Depends on who you mean by “people”. It’s the new world order being imposed on us by well-funded and well-organized tyrants who clearly understand the frail and dishonest nature of their claims to legitimacy. So frail and dishonest that they will not risk a having to explain themselves to doubters. And everything is presented as one big global crisis after another, climate change, plague (annual WHO flu shots to fend off each year’s latest version), US imperialism etc…, so the urgency leaves them no time. They are masters of the universe and have done all of the thinking for us.

IMHO, we will not be able to stop them with words. Eventually, and probably soon, we will have to start shooting these people. How many American soldiers have died killing communists overseas already? And now we will allow them just come here and seize our freedoms without a shot? For God’s sake, we have ELECTED so many these people that it may just be too late already.

We should at least be issuing “shoot to kill on sight” orders in all of our cities being razed and plundered with the approval of our governors, mayors and top national political leaders. Exactly where do we draw the line? Start with the looters/rioters and work our way up the chain of command while we still have time. There is nowhere left to run and hide. We ARE the world’s last hope!

Your theory about the why aspect, that they are not used to having their views challenged; how much of this do you think stems from the fact that today’s students are as a whole a lot more immature than previous generations? My girlfriend mentioned to me when she took her son to school last year that during the parent orientation, they were told basically that today’s 18 year old is yesterday’s 14 year old. I do not have kids of my own, but it seems there is some truth there.

Why are they afraid of open debate and dialog?

The root cause is that they are brainwashed by the communists to think that reason, facts, debate, honesty, truth, are all just pretexts for oppression, racism, patriarchy, etc. They only want to win, to shut you up. They debate, they could lose. Why risk it? Especially as they are not any good at it. Easier to throw Molotov cocktails, form a mob, chant stupid brainless slogans, call names.

amatuerwrangler | August 17, 2020 at 8:36 pm

What jumped out at me was when one of the hosts referred to the “George Floyd murder”. Any thinking person who has read the autopsy report (with tox-screen report), along with subsequent reports of body-cam footage, knows that George was not murdered, by anyone.

I guess its a plus that the Professor let that go by and addresses the man issues. He did not take the bait, if that is what it was. It might well be that the interviewers fully believe that and think everyone agrees. Regardless, it is good that they gave the Professor the opportunity to reach an even greater audience.

    HImmanuelson in reply to amatuerwrangler. | August 19, 2020 at 1:17 am

    > George Floyd murder

    I’ve read summaries of the autopsy report and summaries of the tox screen report but haven’t gone back and read everything from the primary sources.

    Having said that, consider me undecided and interested in your thoughts why this wasn’t murder.

    What I recall from back when this happened was that Floyd was probably having a heart attack not long after the encounter with the police began, long before he was being restrained on the ground. I recall that the tox screen showed he was high as a kite on at least one illegal drug, maybe two. I recall that the autopsy showed massive blockage in his arteries which explained his apparent heart attack symptoms.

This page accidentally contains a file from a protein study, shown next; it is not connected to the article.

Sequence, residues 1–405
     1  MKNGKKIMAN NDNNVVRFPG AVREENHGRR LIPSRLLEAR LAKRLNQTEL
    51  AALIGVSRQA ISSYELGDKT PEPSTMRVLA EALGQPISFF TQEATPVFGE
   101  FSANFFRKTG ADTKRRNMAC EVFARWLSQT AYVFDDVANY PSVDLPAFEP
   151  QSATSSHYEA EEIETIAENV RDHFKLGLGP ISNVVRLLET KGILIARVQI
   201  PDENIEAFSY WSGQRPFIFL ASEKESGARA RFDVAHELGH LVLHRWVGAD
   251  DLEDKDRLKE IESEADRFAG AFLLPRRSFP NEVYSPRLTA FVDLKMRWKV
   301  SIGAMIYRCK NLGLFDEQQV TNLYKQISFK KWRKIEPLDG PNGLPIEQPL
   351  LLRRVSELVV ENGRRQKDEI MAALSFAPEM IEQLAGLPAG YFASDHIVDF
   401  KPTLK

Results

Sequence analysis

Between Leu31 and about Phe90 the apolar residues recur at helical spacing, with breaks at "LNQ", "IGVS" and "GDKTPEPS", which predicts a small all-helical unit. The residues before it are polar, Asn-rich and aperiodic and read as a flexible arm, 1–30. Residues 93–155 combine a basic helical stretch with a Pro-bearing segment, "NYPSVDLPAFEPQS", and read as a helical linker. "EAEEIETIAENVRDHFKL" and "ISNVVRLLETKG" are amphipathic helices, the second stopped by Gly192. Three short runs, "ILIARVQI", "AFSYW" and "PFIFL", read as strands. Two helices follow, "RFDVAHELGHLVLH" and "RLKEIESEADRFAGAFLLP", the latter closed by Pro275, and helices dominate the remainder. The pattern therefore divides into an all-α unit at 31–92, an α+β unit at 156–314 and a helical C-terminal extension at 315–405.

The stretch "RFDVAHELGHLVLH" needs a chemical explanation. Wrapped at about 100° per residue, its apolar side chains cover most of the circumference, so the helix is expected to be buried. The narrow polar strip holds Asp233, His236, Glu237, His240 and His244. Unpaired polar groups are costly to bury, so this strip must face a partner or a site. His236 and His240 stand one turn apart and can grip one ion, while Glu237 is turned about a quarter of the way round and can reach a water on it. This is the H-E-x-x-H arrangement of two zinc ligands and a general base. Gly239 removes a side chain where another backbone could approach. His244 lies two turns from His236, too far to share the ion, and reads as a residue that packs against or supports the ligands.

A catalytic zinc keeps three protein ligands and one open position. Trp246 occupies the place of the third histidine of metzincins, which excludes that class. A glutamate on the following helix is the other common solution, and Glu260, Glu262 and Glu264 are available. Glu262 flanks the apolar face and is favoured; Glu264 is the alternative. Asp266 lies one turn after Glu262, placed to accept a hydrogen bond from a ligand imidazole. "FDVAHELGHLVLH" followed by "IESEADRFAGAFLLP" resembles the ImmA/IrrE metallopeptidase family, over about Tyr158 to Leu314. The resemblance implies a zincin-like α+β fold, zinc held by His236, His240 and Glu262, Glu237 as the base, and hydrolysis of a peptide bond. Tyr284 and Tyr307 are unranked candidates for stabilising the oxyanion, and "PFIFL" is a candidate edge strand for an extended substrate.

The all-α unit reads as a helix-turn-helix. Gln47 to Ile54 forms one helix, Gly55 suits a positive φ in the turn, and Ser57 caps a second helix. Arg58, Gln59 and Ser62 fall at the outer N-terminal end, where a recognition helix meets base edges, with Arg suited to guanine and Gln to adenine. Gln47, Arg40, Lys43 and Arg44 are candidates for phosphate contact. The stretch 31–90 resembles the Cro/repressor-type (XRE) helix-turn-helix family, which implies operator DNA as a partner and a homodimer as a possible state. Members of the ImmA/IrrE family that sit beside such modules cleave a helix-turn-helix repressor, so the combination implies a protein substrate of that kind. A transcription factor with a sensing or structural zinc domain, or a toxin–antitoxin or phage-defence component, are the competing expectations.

It certainly appeared possible that he would have died from the heart attack if the incident on the ground hadn’t occurred but that’s speculation at best.

    OTOH, I recall the coroner’s report stating that the cause of death was how he was restrained on the ground by the cop that had his knee on Floyd’s neck.

    You can argue the level of the charge (murder 2, murder 3, manslaughter) but based on the conclusion of the coroner, how was the cop’s behavior not murder or manslaughter?

    Convince me, my mind is genuinely open to what you have to say.

      gmac124 in reply to HImmanuelson. | August 19, 2020 at 6:03 pm

      It’s been awhile since I looked at the reports but there are 2 coroner reports for George Floyd. One done by the state and the one you are referencing that places the blame on the cops. The one blaming the cops was purchased by George’s family and done by a coroner that has a history of coming to the conclusion the purchaser wants, especially if it is anti cop.

        HImmanuelson in reply to gmac124. | August 19, 2020 at 6:36 pm

        I think there were actually 3. There was the preliminary one from the city or state that suggested things other than the cop’s knee on his neck, and a later final one that pointed to the knee on his neck. When this one came with that conclusion then that’s what I went with.

        Then there was the family’s hired one that said it was definitely the cop’s knee that ended his life which I trusted less just on principle.

Professor Jacobson, maybe now is the time to speak out against Social Media. When phones had cords attached, you had to speak to others face to face, now-a-days you can hide behind a faceless name and troll others without any dialogue or fear of being challenged. I find it a sad commentary that so many students and prior graduates were willing to sign a petition against you, without any discourse. Why is it that the BLM movement is so willing to stand up for those whose behavior is criminal?

I’ve noticed before that it is the people from California who seem to lead an amorphous movement towards resistance. American Greatness, a southern California web site, has established a secondary web site dealing with the possibility of armed conflict. Things must be very, very bad in California. I don’t think the state government is capable of maintaining the state’s infrastructure. It is ridiculous that a state with so much coast line should have water shortages. In any case, the situation in Ohio is not yet so dire.